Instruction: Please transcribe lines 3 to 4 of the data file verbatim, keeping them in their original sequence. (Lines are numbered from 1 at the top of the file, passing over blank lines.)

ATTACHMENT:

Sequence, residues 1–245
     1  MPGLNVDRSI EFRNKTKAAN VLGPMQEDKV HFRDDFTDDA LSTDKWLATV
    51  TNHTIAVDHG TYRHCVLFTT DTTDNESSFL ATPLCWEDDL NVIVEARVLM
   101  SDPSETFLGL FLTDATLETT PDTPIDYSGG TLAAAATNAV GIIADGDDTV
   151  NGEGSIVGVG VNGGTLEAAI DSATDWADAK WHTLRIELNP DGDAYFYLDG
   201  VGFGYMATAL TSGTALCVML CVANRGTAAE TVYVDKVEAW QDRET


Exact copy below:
    51  TNHTIAVDHG TYRHCVLFTT DTTDNESSFL ATPLCWEDDL NVIVEARVLM
   101  SDPSETFLGL FLTDATLETT PDTPIDYSGG TLAAAATNAV GIIADGDDTV